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Staff Reviews

Montecristo Classic Staff Review

Shane K. K's picture

Shane K.

Montecristo Classic No. 2 is a cigar that can get overlooked – or stumbled upon by novices – with so many different Montecristo cigars available today. The Montecristo Classic blend is a richer and more refined version of the original Dominican-made Montecristo, and I’m smoking it in the lauded No. 2 size, a Torpedo that’s just over 6 inches long with a 52 ring gauge.

Of course, the iconic Cuban Montecristo No. 2 is the cigar responsible for cementing the brand’s fame around the world over the past century. As Cuban cigar-makers fled the island in the wake the trade embargo in the 1960s, due to Fidel Castro’s oppressive nationalization of the cigar industry, new, non-Cuban versions of Cuban brands emerged, and Montecristo remains one of the most successful.

Montecristo cigars sold in America are handmade in the Dominican Republic and Nicaragua and are part of the Altadis U.S.A. portfolio, which includes the non-Cuban versions of H. Upmann and Romeo y Julieta cigars. Montecristo cigars are available in nearly every premium cigar store in the States and rank up there with Macanudo as one of the most popular brands for beginners, due to the mild and mellow flavor they possess. Let’s taste how Montecristo Classic stacks up against the original Montecristo.

There is unmistakable continuity between the Montecristo Classic Series and the original Montecristo blend, but that also makes the two lines difficult to distinguish from one another. Both blends are packaged in bright yellow boxes, and the cigars bear simple brown cigar bands with the fleur-de-lis centered under the Montecristo name. The Classic Series, however, gets a secondary band in bright yellow, and the fleur-de-lis on the primary band is printed in gold instead of white. Both blends are priced in the $13 to $20 range, too, making them a tad expensive for new cigar smokers.

Nonetheless, when you open a fresh box of Classic No. 2s, the top row is lined with perfectly tapering Torpedos finished in a golden-blond Connecticut Shade wrapper leaf. Underneath it is a creamy amalgam of premium Dominican long-fillers matured for maximum smoothness. What differentiates the Classic Series is the selectivity employed in assembling the binder and filler tobaccos, as well as the wrapper leaf, which is a touch darker and oilier than the original Montecristo blend.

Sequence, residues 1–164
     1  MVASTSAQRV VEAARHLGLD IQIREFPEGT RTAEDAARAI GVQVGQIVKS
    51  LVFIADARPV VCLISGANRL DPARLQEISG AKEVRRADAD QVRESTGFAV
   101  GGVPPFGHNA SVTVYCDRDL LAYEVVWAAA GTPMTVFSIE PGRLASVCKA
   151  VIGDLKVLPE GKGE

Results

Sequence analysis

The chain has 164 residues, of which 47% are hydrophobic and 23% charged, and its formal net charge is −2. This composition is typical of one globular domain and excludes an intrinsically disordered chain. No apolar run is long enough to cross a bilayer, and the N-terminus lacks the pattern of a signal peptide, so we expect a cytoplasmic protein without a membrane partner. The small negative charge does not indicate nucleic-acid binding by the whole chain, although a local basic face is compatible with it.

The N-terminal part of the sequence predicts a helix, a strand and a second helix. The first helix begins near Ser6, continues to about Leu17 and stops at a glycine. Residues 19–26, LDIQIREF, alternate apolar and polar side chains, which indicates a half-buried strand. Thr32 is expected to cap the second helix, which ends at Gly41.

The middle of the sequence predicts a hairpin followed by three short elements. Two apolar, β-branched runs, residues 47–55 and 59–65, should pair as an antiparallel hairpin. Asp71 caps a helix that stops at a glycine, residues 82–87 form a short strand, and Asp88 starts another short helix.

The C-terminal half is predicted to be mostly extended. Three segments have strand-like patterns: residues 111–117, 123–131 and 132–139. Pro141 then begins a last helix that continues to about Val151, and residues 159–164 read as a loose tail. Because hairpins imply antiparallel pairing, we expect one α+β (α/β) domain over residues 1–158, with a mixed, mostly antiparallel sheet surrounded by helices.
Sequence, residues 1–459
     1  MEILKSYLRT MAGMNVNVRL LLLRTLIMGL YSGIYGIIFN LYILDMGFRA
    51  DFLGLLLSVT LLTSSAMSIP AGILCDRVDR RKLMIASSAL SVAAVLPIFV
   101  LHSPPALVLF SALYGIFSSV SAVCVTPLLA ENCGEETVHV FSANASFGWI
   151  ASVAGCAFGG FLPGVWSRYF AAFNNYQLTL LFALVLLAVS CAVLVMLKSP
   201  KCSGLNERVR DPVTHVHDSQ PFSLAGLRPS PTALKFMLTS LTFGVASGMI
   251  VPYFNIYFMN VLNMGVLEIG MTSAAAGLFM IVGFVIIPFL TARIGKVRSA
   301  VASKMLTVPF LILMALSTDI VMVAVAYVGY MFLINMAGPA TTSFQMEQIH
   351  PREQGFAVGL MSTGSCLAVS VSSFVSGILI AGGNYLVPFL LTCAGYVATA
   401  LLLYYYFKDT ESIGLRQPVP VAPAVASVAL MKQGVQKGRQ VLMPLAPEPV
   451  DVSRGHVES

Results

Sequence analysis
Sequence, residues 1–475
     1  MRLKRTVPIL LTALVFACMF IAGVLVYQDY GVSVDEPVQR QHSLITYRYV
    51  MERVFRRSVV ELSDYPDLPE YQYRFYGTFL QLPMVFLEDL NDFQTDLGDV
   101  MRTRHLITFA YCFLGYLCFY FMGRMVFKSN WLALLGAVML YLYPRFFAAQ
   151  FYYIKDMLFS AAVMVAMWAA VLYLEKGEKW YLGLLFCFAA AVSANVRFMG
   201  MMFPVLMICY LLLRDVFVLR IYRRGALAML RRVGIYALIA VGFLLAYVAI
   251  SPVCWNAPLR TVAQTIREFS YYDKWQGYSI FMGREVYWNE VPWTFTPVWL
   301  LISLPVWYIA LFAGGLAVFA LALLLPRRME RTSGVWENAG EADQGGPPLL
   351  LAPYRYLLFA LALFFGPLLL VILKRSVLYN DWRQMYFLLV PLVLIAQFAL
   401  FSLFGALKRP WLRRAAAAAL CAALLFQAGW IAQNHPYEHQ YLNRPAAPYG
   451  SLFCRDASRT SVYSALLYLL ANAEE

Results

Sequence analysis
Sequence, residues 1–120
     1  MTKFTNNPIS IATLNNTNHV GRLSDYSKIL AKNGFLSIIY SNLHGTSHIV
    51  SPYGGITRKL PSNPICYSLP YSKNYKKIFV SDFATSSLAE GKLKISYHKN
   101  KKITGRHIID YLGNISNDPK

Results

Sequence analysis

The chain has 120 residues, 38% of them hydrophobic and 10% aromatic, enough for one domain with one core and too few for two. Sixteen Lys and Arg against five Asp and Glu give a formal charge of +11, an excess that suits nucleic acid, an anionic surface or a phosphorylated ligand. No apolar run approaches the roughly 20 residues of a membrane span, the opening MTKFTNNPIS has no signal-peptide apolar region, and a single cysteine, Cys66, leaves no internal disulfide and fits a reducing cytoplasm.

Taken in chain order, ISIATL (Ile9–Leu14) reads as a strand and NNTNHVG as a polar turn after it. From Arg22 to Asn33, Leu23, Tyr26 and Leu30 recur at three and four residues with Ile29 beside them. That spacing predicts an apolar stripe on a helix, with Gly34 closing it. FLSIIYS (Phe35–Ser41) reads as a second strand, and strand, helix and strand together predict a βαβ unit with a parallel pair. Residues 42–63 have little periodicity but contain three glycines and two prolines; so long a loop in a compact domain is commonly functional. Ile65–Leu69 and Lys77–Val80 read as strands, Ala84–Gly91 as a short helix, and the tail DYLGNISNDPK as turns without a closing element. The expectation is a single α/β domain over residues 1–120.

As soon as I clip the tip, a mellow sequence of nutty notes flows seamlessly from head to foot as I take a few cold draws. Subtle hints of honey layer the taste buds with underlying nuances of fresh hay and coffee bean. Montecristo Classic No. 2 is easy to light and easy to smoke. You don’t have to eat a full dinner or wait until the end of the day to enjoy one. The Classic Series is a bona fide mild smoke, and more folks would probably smoke it after breakfast, but it’s a little pricey for an early morning cigar.

Tasting notes of cedar and buttered toast mingle with cashew, earth, and white pepper throughout the first ten to fifteen minutes. A creamy profile of almond and coffee bean culminates without loosing any of the cigar’s initial sweetness, and it stays the course without becoming the least bit bitter or intense. What makes Montecristo a household brand is its approachable flavor and unfailing consistency. You don’t have to be an aficionado to appreciate a mild Montecristo, but the brand name appeals to cigar lovers universally. The higher price point also elevates consumer perception. Should you spend the money, though?

Over nearly an hour of delightful and unobstructed puffs, the No. 2 performs magnificently. The ash is firm, the combustion is even and precise. Montecristo Classic No. 2 concludes with a soothing finish of cedar and creamy coffee with a perfect ratio of spices. It does not linger, and you could sip champagne with this cigar. There’s a reason Montecristo repeatedly lands on lists of the best mild cigars and the best Dominican cigars. I’ll let you decide if the Classic Series deserves a spot on your list of the best Montecristo cigars. It’s worth spending the money to find out.


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